[wg-camlp4] Time for a summary?

Yaron Minsky yminsky at janestreet.com
Thu Feb 7 15:48:46 GMT 2013

Thanks Leo!  This is very helpful.  Maybe we should throw this up on a
wiki page somewhere, and keep it up to date as proposals show up.

A few notes of my own below.

On Wed, Feb 6, 2013 at 1:11 PM, Leo White <lpw25 at cam.ac.uk> wrote:
> c) Sebastien Mondet suggested that run-time types or dyntype might be
> sufficient without ppx for many extensions.
> Markus Mottl pointed out that there are runtime performance
> implications for using those solutions.

I strongly agree with Markus on this.  Run-time types are lovely, but
we really need something more efficient for the vast majority of our
camlp4 needs.  Using a comparison function constructed with run-time
types, for example, would be a disaster performance wise.  We've done
experiments internally, and the performance hit is absolutely

> d) Jeremy suggested that rather than implementing extensions as AST
> transformers that operate over the whole AST they might be implemented    as
> transformers only for the part of the AST that they were to operate    on.
> So an extension used like this:
>      (:perform
>          x <-- m;
>          y <-- n;
>          return (x y))
>    would be implemented as a function with type:
>      val perform : Parsetree.expression -> Parsetree.expression
>    He suggests that this may help with scoping, safety and
> compositionality.
>    Alain pointed out that some legitimate uses of ppx don't work nicely
> with the constraint that they can operate only on a marked fragment. He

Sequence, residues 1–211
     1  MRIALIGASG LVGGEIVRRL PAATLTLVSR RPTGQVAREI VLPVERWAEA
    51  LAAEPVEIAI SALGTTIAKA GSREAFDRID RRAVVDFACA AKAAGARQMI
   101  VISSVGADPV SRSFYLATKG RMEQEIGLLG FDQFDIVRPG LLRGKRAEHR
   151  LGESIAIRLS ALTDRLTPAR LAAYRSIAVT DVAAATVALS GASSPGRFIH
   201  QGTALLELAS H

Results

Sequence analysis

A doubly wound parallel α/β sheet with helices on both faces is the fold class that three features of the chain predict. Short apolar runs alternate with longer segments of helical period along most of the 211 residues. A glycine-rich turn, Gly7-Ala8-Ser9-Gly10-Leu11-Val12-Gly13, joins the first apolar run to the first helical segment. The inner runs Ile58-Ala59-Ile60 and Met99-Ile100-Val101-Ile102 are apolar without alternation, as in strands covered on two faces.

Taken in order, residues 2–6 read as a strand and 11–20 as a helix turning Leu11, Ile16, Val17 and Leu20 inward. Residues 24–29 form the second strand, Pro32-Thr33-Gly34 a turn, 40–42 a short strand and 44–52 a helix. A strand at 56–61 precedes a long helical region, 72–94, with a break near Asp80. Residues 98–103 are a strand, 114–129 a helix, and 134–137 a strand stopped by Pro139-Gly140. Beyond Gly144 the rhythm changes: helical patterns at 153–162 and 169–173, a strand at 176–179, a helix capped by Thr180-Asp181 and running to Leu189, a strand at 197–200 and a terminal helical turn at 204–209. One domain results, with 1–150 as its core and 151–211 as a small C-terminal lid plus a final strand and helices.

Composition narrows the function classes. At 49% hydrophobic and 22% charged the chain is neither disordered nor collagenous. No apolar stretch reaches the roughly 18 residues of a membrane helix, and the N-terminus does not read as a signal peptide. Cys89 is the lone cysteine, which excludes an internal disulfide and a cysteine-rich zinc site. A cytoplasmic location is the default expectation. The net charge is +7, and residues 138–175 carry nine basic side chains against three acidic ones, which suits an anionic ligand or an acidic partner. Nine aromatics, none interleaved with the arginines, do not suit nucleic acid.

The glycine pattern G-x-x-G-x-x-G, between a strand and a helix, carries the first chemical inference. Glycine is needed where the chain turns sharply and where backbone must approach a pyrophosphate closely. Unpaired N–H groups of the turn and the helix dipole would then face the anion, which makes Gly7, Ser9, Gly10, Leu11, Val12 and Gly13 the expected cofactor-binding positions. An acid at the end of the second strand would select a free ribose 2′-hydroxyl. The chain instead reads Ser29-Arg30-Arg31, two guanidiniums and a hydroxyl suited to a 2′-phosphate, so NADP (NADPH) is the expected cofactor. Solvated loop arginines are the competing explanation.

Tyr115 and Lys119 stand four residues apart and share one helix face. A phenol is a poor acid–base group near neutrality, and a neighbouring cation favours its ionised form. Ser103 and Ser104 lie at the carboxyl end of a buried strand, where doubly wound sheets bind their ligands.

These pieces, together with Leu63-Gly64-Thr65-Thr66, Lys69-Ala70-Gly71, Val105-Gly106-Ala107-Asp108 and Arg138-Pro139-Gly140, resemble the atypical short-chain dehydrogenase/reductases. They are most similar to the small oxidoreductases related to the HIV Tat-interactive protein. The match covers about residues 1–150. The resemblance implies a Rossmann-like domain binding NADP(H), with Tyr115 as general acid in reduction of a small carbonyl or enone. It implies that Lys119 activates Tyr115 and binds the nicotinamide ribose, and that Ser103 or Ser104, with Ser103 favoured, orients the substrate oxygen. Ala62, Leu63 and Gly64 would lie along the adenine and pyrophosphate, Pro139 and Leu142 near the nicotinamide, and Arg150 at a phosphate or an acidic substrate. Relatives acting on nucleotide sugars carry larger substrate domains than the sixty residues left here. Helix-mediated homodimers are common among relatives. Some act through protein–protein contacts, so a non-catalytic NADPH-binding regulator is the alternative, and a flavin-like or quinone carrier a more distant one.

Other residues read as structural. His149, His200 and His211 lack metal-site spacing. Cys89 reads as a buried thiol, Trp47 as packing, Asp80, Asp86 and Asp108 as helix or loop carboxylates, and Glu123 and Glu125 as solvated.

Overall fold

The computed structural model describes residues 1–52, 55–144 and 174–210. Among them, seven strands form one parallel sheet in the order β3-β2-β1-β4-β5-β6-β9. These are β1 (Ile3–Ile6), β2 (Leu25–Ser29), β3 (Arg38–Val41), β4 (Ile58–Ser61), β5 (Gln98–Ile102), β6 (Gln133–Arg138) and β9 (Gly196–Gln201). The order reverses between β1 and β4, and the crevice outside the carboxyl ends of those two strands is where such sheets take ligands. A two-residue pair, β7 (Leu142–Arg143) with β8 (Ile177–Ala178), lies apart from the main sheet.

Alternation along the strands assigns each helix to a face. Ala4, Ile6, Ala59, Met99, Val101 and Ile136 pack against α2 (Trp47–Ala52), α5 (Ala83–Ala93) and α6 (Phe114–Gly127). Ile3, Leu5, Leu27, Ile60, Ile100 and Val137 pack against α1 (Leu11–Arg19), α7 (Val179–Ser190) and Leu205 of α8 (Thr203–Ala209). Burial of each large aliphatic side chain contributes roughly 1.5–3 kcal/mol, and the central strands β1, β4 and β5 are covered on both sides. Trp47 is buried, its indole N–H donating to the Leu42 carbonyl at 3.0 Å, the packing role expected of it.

> also pointed out that handling extensions as those extensions are found
> within the source forces a top-down expansion order, which is not
> necessarily desirable.

I wonder if this is a place where we can have it both ways: have an
underlying ppx mechanism that is a whole-AST transformation; and
expose libraries that support more disciplined, scoped
transformations.  We could strongly encourage the latter, but still
allow the former when necessary.

> e) I suggested an extension to Jeremy's proposal. This involves giving the
> expansion functions in their own kind of file (".mlq" - compiled to
> ".cmq"), referring to them using a namespace mechanism, and then having
> the compiler itself perform the expansion of the extensions.
>    There are more details in my blog post:
>      http://www.lpw25.net/2013/02/05/camlp4-alternative-part-2.html
>    Since such a solution would take a while to implement, and since moving
> an extension from ppx to it would be trivial, I proposed using ppx for
> the short/medium term.
>    I suggested that such a mechanism might improving tooling and make it
> easier for average users to use extensions.
>    Both Gabriel and Alain suggested that the use of namespaces might be
> unnecessary and too heavyweight. Alain also questioned the need for
> special ".mlq" files.

I do like the idea of eventually getting to a name-spaced solution.
In our world, there are really two cases: one, where we really just
want to extend the language, and we're happy to specify which language
we're using fairly broadly at the build-system level.  For such
things, namespaces do not seem helpful.

The other case is where you want to invoke a particular,
special-purpose syntax extension for just one file.  There, having
something that would allow the specification of the extension in the
file, ideally with some integration with namespaces, seems lovely.
That said, I think it's a less important use-case in the current

I wonder, does anyone on the list of have much experience with
Scheme's approach to macros?  There's been a lot of work there,
covering everything from hygeine to integration with module systems.
It would be great to leverage off of that experience.


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